Guidance for Industry and FDA Staff: Administrative Procedures for CLIA Categorization
The draft of this document was issued on August 14, 2000.
OMB control number: 0910-0607
Expiration Date: 10/31/2013
See additional PRA statement in Section 4 of this guidance.
For questions regarding this document, contact Carol Benson at 301-796-5459 or by e-mail at email@example.com.
U.S. Department of Health and Human Services
Contains Nonbinding Recommendations
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Table of Contents
The Least Burdensome Approach
- Procedures for Determination of CLIA Categorization
- CLIA Waiver Protocols and Applications
- Paperwork Reduction Act of 1995
Guidance for Industry and FDA Staff
Administrative Procedures for CLIA Categorization
|This guidance represents the Food and Drug Administration's (FDA's) current thinking on this topic. It does not create or confer any rights for, or on any person and does not operate to bind FDA or the public. You can use an alternative approach if the approach satisfies the requirements of the applicable statutes and regulations. If you want to discuss an alternative approach, contact the FDA staff responsible for implementing this guidance. If you cannot identify the appropriate FDA staff, call the appropriate number listed on the title page of this guidance.|
On February 28, 1992, the Department of Health and Human Services (DHHS) published laboratory standards regulations (57 FR 7002) implementing the Clinical Laboratory Improvement Amendments of 1988 (CLIA) (42 U.S.C. 263a). The implementing regulations are codified at 42 CFR Part 493. CLIA regulates laboratory testing and requires that clinical laboratories obtain a certificate before accepting materials derived from the human body for the purpose of providing information for the diagnosis, prevention, or treatment of any disease or the impairment of, or assessment of the health of human beings. The type of CLIA certificate a laboratory obtains depends upon the complexity of the tests it performs. CLIA regulations describe the following three levels of test complexity: waived tests, moderate complexity tests, and high complexity tests. 42 CFR 493.5(a).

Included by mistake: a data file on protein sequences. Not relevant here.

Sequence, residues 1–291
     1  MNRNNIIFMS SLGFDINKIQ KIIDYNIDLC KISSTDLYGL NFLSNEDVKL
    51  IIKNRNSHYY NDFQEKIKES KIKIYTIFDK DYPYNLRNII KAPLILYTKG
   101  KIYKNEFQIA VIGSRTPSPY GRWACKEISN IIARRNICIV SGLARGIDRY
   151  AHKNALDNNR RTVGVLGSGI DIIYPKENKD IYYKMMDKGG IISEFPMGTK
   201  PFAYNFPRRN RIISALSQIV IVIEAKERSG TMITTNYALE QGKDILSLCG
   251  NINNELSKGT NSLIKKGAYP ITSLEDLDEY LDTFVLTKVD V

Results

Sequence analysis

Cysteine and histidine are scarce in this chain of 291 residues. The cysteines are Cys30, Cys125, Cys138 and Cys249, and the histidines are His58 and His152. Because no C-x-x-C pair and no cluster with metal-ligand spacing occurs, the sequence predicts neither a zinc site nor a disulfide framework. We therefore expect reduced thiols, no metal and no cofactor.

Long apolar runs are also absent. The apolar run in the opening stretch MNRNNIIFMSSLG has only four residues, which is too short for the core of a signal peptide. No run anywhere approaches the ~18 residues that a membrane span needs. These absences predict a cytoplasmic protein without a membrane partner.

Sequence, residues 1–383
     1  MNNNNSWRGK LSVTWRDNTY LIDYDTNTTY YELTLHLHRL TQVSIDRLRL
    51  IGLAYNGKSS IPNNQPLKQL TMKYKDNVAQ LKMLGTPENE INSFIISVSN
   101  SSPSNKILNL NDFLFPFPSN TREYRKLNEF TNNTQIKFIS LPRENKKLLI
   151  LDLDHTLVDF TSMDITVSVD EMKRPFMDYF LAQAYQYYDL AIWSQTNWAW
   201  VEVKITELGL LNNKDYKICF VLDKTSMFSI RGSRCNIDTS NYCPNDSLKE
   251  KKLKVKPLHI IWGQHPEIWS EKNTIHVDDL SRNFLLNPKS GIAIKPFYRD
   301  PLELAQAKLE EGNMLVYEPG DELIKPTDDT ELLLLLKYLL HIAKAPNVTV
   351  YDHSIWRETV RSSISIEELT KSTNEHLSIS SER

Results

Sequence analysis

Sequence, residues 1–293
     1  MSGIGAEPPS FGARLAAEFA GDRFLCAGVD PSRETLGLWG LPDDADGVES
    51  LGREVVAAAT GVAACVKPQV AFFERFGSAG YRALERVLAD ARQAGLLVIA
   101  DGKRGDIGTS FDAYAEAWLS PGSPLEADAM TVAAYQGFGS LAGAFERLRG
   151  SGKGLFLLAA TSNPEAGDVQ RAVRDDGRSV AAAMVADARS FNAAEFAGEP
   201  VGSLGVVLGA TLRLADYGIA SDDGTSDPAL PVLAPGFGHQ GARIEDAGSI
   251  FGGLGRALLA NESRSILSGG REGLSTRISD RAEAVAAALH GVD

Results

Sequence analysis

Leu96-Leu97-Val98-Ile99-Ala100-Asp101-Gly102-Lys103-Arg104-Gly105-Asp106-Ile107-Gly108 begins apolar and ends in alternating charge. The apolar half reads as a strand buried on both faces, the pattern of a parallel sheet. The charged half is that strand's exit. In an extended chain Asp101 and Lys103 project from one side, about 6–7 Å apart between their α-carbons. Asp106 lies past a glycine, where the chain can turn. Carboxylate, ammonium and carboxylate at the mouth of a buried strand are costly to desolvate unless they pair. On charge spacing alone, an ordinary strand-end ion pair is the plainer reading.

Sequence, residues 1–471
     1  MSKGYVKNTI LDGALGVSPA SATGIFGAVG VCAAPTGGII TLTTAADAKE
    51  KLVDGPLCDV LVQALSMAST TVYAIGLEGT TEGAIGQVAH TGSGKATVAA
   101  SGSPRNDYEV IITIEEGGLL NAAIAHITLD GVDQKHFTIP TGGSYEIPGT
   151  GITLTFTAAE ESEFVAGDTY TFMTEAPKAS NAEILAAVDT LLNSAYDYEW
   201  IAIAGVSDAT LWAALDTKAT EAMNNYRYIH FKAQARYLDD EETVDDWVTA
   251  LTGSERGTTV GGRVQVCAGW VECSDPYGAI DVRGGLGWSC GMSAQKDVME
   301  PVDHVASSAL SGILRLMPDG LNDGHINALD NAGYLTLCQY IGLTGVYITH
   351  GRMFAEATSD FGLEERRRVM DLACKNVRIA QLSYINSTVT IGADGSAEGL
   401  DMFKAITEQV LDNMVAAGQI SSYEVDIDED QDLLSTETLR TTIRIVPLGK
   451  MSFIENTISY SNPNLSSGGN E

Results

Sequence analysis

On January 31, 2000, the responsibility for categorization of commercially available in vitro diagnostic (IVD) tests was transferred from the Centers for Disease Control and Prevention (CDC) to the Food and Drug Administration (FDA).1 This allows IVD manufacturers to submit premarket notifications or applications for tests and requests for complexity categorization of these tests under CLIA to one agency.
This guidance document describes the general administrative procedures FDA will use to categorize tests under CLIA. This guidance does not specifically address CLIA waiver applications. For more information on CLIA waiver applications, you may refer to the guidance entitled, “ Guidance for Industry and FDA Staff: Recommendations for Clinical Laboratory Improvement Amendments of 1988 (CLIA) Waiver Applications for Manufacturers of In Vitro Diagnostic Devices.”2
FDA's guidance documents, including this guidance, do not establish legally enforceable responsibilities. Instead, guidances describe the Agency's current thinking on a topic and should be viewed only as recommendations, unless specific regulatory or statutory requirements are cited. The use of the word should in Agency guidances means that something is suggested or recommended, but not required.